Episode 115: I Am Not Your Negro

September 26, 2017

This week on Black on Black Cinema, the guys return to discuss the 2016 Oscar-nominated documentary, “I Am Not Your Negro,” which dives into the life of the writer, poet, and social critic, James Baldwin. The film is largely based on Baldwin’s unfinished manuscript “Remember this House” and the effect that three civil rights leaders’ deaths had on Baldwin. Specifically, Medgar Evers, Martin Luther King Jr., and Malcolm X in that order are the basis of the three acts of the film.

Documentaries are rare on this show, and generally don’t work directly with our beat by beat show style. So on this episode, we will do something a bit differently. For this particular episode clips and moments from the film have been chosen to garner an overall discussion about those topics that are broached by Baldwin directly and the director, Raoul Peck, indirectly.

Video Version of this Episode: here


Are We Hearing Black Women? & Preview to Episode 115

September 19, 2017

This week on Black on Black Cinema, the guys are back to discuss the idea that "Black men are the white people of Black people." What does that concept mean when translating it out to ideas of intraracial sexism, abuse, etc. The hosts posit the idea that not listening, or truly hearing someone is a product of centuries of gender inequality, and some aspects of the modern day Internet culture. 3 Black dudes take on the topic of "what the hell is our problem" when it comes to supporting Black women. The next film introduced is the 2016 "I Am Not Your Negro." The documentary on the famous Black intellectual James Baldwin.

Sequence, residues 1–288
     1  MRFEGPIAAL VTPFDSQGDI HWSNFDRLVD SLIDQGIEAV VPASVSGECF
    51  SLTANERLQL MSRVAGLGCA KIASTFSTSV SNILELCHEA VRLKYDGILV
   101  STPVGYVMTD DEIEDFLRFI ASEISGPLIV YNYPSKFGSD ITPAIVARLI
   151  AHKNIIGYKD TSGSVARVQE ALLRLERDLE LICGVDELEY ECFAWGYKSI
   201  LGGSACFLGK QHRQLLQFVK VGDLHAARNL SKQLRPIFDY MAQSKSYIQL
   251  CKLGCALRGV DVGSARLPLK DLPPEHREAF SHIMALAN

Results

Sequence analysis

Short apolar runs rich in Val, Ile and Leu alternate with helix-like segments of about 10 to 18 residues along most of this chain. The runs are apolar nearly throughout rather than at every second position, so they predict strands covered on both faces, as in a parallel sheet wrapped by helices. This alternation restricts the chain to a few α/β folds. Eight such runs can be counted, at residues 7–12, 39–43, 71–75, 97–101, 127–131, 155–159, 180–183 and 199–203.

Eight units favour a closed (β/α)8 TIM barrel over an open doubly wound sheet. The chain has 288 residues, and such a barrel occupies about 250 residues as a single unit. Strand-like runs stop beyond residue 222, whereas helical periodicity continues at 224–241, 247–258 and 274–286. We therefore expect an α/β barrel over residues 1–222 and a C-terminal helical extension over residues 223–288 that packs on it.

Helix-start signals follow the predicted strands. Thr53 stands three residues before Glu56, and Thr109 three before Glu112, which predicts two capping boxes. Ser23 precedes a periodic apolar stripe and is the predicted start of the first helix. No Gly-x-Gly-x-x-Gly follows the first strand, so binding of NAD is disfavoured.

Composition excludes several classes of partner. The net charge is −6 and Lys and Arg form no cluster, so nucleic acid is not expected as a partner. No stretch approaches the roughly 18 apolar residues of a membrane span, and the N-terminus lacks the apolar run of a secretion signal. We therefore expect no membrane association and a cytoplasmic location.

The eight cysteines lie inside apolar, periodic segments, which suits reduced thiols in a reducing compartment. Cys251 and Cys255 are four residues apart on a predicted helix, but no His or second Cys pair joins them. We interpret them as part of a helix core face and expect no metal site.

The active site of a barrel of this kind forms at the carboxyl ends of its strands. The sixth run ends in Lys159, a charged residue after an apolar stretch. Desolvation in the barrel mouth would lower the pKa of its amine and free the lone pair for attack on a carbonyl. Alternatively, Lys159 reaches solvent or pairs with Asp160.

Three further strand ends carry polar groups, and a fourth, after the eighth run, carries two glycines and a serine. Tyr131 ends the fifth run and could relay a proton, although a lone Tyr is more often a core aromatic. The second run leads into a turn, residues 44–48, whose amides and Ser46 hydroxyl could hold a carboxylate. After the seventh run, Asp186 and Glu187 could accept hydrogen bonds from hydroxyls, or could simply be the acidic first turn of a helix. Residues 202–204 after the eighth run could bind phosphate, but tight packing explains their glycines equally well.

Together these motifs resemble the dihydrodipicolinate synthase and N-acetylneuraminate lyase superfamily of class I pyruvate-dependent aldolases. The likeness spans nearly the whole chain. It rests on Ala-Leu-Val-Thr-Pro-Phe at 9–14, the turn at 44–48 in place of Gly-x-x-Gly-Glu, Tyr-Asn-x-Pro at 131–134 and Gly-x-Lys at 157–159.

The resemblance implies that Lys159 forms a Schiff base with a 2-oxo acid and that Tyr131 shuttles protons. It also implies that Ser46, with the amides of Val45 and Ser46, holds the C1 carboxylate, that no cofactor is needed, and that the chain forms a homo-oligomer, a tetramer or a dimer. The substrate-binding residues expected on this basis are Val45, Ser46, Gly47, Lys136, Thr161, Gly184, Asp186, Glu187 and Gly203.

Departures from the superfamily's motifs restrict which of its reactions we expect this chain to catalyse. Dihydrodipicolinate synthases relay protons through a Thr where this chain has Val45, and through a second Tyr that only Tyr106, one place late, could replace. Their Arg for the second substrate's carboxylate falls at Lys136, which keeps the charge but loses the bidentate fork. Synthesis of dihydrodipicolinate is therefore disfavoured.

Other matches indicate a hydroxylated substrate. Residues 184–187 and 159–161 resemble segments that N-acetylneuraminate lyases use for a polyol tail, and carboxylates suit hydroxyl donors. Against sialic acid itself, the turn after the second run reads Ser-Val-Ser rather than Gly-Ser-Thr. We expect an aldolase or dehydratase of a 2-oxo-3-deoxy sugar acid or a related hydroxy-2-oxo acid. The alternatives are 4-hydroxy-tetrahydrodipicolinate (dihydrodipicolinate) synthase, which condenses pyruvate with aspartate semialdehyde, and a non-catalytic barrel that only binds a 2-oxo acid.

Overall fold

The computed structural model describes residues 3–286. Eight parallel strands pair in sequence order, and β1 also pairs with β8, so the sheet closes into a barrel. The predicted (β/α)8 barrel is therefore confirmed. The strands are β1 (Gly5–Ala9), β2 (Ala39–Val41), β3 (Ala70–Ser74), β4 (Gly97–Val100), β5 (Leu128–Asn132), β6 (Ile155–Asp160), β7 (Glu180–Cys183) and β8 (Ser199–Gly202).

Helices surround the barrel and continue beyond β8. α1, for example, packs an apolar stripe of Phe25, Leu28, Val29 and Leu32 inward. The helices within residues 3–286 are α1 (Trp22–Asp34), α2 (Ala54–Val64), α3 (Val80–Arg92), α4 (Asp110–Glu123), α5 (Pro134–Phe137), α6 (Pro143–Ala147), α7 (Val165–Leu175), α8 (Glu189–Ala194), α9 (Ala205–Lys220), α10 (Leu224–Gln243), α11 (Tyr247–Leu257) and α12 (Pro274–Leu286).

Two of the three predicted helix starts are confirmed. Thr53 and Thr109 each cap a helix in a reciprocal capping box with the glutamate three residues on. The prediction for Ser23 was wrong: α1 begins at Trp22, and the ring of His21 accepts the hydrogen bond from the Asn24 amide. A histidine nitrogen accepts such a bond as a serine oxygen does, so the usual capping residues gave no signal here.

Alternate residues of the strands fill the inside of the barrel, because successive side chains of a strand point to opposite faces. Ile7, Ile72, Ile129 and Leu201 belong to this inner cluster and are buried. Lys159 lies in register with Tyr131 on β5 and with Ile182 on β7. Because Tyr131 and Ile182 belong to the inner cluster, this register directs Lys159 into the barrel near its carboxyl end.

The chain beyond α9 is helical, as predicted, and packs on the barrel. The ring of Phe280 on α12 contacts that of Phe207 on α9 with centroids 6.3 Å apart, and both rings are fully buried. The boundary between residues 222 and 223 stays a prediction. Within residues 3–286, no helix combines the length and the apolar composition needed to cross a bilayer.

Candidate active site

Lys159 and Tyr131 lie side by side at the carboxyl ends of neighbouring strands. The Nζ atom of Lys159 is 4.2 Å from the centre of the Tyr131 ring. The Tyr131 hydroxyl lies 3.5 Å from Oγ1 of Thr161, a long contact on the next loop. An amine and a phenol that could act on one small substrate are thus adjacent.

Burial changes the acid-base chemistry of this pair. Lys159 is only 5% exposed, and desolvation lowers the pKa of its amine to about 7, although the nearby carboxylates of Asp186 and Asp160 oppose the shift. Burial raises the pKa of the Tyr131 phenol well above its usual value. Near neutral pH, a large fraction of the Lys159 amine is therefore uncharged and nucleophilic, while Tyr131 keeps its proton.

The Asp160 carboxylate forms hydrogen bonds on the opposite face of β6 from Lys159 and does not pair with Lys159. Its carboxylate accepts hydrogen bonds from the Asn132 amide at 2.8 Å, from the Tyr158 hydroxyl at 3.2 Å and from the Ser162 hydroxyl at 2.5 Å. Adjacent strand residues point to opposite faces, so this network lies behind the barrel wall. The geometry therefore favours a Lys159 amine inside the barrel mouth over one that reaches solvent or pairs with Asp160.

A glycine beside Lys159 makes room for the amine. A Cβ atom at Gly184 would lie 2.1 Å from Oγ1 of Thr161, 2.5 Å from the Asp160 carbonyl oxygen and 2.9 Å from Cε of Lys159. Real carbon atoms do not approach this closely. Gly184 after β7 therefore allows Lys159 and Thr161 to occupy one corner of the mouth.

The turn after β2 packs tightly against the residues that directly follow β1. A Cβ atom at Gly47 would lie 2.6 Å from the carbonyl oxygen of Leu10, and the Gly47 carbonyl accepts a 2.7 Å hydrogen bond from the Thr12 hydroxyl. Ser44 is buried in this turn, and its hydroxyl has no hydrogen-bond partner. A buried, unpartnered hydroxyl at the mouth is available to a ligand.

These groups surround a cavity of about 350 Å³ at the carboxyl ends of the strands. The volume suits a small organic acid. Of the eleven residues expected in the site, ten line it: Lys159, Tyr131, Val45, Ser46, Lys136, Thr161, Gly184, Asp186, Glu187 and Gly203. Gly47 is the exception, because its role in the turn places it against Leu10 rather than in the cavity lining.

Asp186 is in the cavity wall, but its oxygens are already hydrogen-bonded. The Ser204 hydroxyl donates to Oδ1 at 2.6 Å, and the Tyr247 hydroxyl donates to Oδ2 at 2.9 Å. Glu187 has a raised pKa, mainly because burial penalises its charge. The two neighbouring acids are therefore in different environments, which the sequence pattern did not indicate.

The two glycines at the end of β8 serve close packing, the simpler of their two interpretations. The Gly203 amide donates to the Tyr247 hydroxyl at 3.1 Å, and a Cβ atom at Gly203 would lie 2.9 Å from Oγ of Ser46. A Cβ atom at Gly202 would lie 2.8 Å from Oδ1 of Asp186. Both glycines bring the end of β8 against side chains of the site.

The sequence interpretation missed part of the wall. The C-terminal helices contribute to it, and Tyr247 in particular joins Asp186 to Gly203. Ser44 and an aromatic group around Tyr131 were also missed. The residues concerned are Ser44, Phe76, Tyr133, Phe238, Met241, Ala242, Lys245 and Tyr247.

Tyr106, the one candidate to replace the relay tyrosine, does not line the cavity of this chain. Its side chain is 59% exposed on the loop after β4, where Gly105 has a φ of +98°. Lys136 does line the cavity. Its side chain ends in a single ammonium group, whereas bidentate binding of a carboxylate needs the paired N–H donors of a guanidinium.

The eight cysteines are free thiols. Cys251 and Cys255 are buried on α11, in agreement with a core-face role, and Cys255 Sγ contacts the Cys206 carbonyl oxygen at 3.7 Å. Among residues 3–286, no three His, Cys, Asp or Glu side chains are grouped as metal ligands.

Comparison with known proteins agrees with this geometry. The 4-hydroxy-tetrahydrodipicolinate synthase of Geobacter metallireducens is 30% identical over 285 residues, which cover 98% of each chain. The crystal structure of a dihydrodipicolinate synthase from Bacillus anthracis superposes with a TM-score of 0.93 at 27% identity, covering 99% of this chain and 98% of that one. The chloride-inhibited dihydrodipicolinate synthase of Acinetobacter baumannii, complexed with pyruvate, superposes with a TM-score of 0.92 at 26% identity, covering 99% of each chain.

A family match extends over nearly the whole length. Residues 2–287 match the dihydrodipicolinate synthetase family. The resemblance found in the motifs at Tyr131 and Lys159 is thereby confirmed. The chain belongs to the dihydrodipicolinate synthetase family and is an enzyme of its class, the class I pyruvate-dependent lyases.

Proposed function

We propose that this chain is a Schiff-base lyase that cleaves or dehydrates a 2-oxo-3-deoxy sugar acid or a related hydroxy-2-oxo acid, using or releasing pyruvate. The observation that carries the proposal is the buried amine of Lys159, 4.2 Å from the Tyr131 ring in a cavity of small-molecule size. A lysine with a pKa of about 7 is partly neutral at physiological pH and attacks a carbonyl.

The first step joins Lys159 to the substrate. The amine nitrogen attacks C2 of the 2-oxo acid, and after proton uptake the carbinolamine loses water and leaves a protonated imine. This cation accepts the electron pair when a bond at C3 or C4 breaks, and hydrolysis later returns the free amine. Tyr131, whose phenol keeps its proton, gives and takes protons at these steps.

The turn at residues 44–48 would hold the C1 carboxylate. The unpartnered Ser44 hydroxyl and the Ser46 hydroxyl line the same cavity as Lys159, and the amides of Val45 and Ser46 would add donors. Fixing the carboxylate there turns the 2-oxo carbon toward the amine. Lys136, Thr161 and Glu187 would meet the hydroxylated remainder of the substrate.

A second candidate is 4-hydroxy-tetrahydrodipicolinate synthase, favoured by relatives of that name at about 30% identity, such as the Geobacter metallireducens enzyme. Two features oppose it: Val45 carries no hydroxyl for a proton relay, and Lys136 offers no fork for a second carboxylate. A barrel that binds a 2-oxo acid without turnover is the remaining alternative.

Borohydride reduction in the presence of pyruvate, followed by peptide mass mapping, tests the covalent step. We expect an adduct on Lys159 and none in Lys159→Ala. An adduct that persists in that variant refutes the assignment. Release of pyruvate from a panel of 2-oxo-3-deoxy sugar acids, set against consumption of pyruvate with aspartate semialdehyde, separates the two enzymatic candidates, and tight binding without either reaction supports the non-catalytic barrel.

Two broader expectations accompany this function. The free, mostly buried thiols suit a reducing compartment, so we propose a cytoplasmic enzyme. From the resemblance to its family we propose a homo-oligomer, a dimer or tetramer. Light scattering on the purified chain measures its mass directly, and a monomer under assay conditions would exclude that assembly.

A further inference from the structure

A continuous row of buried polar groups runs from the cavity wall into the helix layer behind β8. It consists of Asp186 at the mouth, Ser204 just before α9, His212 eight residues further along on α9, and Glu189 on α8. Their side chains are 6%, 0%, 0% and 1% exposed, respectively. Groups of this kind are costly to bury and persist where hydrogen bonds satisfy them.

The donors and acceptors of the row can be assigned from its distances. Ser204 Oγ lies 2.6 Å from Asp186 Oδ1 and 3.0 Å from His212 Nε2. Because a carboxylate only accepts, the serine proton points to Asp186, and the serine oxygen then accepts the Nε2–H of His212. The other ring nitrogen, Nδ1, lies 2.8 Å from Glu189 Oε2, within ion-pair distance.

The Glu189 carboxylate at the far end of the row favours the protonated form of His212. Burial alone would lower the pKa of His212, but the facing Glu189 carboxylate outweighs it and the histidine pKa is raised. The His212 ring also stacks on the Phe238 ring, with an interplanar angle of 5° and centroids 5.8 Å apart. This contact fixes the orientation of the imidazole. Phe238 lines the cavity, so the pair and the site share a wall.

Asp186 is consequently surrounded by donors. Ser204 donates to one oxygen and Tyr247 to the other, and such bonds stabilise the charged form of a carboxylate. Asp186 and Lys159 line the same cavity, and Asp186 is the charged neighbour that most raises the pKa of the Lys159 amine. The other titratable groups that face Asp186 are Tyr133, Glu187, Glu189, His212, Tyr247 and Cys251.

Video Version of the Episode: here


Episode 114: The Family that Preys

September 13, 2017

This week on Black on Black Cinema, the guys return to do their yearly duty of reviewing one Tyler Perry film. This year's herculean task is on the 2008 family drama film, The Family that Preys. Often mentioned as Tyler Perry's best film, the movie focuses on two families and their intersecting lives both good and bad.

The two families, the Cartwrights ( a rich white family that owns a multimillion dollar construction company) and the Evans family (a working class Black family, which some work for the Cartwrights).

The film's main focus is on the relationship between Charlotte Cartwright (Kathy Bates) and Alice Evans (Alfre Woodard) as the two best friends and matriarchs of their respective families. Their friendship endures while Andrea Evans is cheating on her husband with William Cartwright (who is also married). Lines are crossed, people are humiliated, and somehow these families endure.

Video Version of the Episode: here


Black Atheism & Preview to Episode 114

September 5, 2017

This week on Black on Black Cinema, the guys are back to in this preview episode to announce the next film, "The Family that Preys." The guys will do their yearly duty of tackling one Tyler Perry movie every 365.25 days. The random topic this week is about Jay's experience with being a Black atheist in Black spaces, and what drove him to his heathen ways (lol). Jay and Micah also have existential conversations on what it means to be religious as a Black person in America.